Literary enthusiast, Victor Adedayo wrote a letter (published HERE – CLICK TO READ) to his friend Okechukwu, thanking him for recommending Daughters Who Walked This Path by Yejide Kilanko.
Okechukwu has written back. Enjoy!
It would only be right if I started this letter with express apologies for my unintended misdemeanors. I’m sorry it has taken me aeons to respond to your letter. I have a new preoccupation that is daily proving to be a voracious consumer of my time, and as I have come to discover, hitting the Facebook “Like” button on a letter so endearing and actually responding to the same do not weigh equally.
Accept my apologies also for that plan of ours that seemed dead on arrival — the radio programme idea you conceived of and sold to me. I was absolutely in support of it, as you could tell from my instant acceptance of the idea, but one too many factors militated against my participation. Proximity was clearly an issue; the barracks where I worked and lived was at the back of beyond. Moreover, the road that led from the base to civilization and back was heavily punctuated by death traps in the forms of potholes and open manholes. It also happened that at some point, I was the only doctor in the entire clinic where I worked, because those military hombres who take pride in the stars on their shoulders, but lack quotidian wisdom did not think it right to request reinforcement even when a batch of corps members were in the Orientation Camp. They had me working slavishly for nothing but their parsimony, as they didn’t want to pay an extra hand. Even sleep became a luxury too pricey.
Books, indubitably, have an uncanny way of attracting beautiful minds and birthing invaluable relationships. It is no surprise that we seamlessly connected at first sight, the connector being Yejide Kilanko’s Daughters Who Walk This Path. It goes without saying that Yejide conceived of an idea, masterly pieced strings of words that became paragraphs, then chapters, and — BOOM! — that awesome book. The story takes one on a sinusoidal emotional ride, with crests of sunniness and nadirs of gloom.
From the introduction of the character, Bros T, I had an inkling he was up to no good. Notwithstanding, I was agape with bewilderment when he made a habit of forcibly violating his cousin, the naive Morayo. Poor thing.
After countless nights of being under his weight (literally and figuratively), she screwed up some courage, set aside her discomfiture, and broke the silence. I didn’t think there was any moment more appropriate than when she chose to spill the beans — when the entire family was dining. Her parents might not have handled the situation properly, but who was to blame? They were neophytes in the situation. I probably would not have done better if I found myself in their position.
One subtle gleaning Yejide’s book offers is that Providence allows us some portions of bad experiences to help us and others who will walk our paths of misfortune heal appropriately.
Aunty Morenike was Morayo’s succor. She herself was sexually assaulted by Chief Komolafe, a friend of her father’s. Even though it was a one-off session, it left her with child — an immutable reminder of the night she would give anything to forget. Did you notice the connecting thread between Aunty Morenike’s experience and Morayo’s? Their respective violators were no strangers to their families, lending credence to the Yoruba adage that says, “Kokoro to n j’efo, ara efo lo wa,” which, in English, means the insect that eats the leaves of the vegetables resides among the leaves of the vegetables. I admire the role she played in helping Morayo heal. She is next to my favorite character.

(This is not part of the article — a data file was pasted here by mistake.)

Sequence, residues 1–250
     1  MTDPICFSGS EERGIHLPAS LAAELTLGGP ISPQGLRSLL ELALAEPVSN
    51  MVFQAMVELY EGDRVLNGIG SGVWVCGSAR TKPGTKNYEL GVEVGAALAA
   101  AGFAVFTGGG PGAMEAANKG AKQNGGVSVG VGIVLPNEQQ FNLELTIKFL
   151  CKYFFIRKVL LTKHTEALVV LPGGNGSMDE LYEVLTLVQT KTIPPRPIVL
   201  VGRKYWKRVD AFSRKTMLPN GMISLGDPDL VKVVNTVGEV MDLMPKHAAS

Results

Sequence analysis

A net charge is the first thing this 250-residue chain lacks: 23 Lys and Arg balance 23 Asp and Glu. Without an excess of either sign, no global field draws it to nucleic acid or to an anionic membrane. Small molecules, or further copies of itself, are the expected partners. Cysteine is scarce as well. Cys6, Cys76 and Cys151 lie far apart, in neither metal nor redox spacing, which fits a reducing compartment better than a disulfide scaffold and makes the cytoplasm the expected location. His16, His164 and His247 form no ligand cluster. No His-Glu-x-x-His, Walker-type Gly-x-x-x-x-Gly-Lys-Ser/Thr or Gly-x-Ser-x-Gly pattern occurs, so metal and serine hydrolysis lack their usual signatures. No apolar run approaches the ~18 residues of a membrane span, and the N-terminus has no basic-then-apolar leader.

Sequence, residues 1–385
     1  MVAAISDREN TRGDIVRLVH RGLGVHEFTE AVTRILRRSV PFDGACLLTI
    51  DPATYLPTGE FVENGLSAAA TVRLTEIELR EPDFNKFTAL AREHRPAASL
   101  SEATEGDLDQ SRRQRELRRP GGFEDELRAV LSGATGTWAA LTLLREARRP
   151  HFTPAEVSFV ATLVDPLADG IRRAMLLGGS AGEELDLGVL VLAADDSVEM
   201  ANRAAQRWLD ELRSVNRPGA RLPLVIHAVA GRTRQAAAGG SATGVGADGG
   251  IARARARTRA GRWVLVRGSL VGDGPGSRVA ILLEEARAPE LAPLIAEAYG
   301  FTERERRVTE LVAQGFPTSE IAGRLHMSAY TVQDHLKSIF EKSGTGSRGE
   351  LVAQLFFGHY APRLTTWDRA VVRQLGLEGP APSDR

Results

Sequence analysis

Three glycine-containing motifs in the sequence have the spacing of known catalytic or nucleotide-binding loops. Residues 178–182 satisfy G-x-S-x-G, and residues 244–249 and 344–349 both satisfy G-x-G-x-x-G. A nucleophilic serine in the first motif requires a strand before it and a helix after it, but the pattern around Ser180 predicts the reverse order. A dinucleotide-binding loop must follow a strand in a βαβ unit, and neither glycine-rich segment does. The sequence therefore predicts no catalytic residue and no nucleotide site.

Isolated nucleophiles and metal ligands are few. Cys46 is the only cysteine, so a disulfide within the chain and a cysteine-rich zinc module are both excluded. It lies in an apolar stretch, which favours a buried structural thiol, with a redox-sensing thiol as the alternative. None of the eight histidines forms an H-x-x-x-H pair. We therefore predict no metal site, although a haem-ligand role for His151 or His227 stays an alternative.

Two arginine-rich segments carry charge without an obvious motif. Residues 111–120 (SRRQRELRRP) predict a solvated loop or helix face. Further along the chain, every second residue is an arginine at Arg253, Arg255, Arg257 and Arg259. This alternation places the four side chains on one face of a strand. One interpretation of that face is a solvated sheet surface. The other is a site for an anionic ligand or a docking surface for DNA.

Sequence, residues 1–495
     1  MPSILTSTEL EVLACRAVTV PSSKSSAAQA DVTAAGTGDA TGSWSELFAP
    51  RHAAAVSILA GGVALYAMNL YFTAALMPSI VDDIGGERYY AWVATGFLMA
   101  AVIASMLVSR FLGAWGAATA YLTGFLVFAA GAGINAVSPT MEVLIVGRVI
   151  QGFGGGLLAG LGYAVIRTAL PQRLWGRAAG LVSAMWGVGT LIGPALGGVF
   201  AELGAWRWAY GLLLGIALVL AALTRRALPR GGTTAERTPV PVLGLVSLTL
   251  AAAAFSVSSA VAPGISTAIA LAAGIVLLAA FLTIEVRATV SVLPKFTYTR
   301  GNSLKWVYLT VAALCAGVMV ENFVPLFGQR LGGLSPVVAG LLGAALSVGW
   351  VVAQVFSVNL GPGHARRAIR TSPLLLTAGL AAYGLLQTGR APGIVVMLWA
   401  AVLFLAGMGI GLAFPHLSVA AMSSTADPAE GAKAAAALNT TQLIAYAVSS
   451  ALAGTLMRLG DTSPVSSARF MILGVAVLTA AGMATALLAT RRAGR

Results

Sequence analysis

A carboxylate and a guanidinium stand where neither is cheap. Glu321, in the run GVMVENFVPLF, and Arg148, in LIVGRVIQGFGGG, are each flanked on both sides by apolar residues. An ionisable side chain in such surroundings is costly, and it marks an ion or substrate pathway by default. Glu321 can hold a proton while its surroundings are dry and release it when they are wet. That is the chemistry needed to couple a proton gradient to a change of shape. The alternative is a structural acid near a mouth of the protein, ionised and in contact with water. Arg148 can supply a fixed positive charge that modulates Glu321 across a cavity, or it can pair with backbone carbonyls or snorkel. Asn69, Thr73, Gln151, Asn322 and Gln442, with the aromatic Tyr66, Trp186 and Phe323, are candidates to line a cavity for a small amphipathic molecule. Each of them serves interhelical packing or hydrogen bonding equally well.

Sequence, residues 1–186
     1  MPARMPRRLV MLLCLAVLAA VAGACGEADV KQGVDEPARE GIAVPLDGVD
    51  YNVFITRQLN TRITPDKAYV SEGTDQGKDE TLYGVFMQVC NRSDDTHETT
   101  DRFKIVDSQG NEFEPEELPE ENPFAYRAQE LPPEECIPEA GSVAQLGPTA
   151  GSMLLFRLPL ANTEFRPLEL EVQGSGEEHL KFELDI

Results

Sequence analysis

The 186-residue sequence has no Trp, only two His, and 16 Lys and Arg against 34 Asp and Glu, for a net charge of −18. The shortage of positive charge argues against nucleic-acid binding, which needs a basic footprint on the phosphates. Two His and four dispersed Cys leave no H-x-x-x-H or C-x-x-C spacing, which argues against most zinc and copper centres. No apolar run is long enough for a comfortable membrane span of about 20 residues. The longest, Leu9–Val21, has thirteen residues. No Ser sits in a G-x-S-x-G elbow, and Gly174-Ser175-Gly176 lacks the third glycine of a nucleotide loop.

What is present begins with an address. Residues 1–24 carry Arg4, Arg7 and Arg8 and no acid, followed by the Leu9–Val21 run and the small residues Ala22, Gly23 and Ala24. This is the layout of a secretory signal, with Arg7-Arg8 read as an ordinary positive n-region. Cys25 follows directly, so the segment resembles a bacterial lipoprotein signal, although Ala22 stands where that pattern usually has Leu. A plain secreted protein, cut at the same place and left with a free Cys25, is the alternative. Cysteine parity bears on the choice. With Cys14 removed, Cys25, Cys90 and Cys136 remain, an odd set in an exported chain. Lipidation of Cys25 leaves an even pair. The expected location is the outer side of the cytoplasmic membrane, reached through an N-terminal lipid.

Sad but true, society has been manipulated to exculpate Chief Komolafe, Bros T and their ilk, leaving their victims irreparably scarred. Worse yet, many a time, the victims are blamed for their lot. It is this same society that frustrates the political ambitions of ostensibly credible candidates, like Mr. Tiamiyu, but ensures that rogues and nitwits who flaunt their wealth enjoy uninterrupted tenures back to back. Before we cast stones at society, bear in mind that society largely comprises you and me, and a few other folks. So, we are all culpable, and as the popular accusatory saying goes, we deserve the leadership we get.
Finally, allow me introduce my favorite character, Eniayo, Morayo’s younger sister and sidekick. Her birth wasn’t the most blissful; her mother was accused of breaking some traditional pregnancy rules, which made Eniayo turn out to be “afin” (the Yoruba word for albino).
As an aside, a harebrained superstitious belief has it that copulating when the sun is up earns a couple a child with albinism. Eniayo was that somewhat rambunctious child with life-giving humour, who would not be too fazed by how different she looked from other children. Despite the grim events she witnessed through the lens of a child, her sense of humour was preserved.
To answer your “hunger” question, I am really famished. I could use some Nigerian jollof rice and fried meat (see what Ghanaians have caused, we now have to include a demonym to describe the jollof rice we want), and a face-to-face meeting with you to discuss the book and the raconteur. Perhaps, it should be at Sweet Sensation, Abeokuta, to recreate the day we first met.
Okey Erinne is a quintessential logophile and a bibliophage. He is a self-critic and lover of eclectic literature, with an acclaimed bent for works of African origin.
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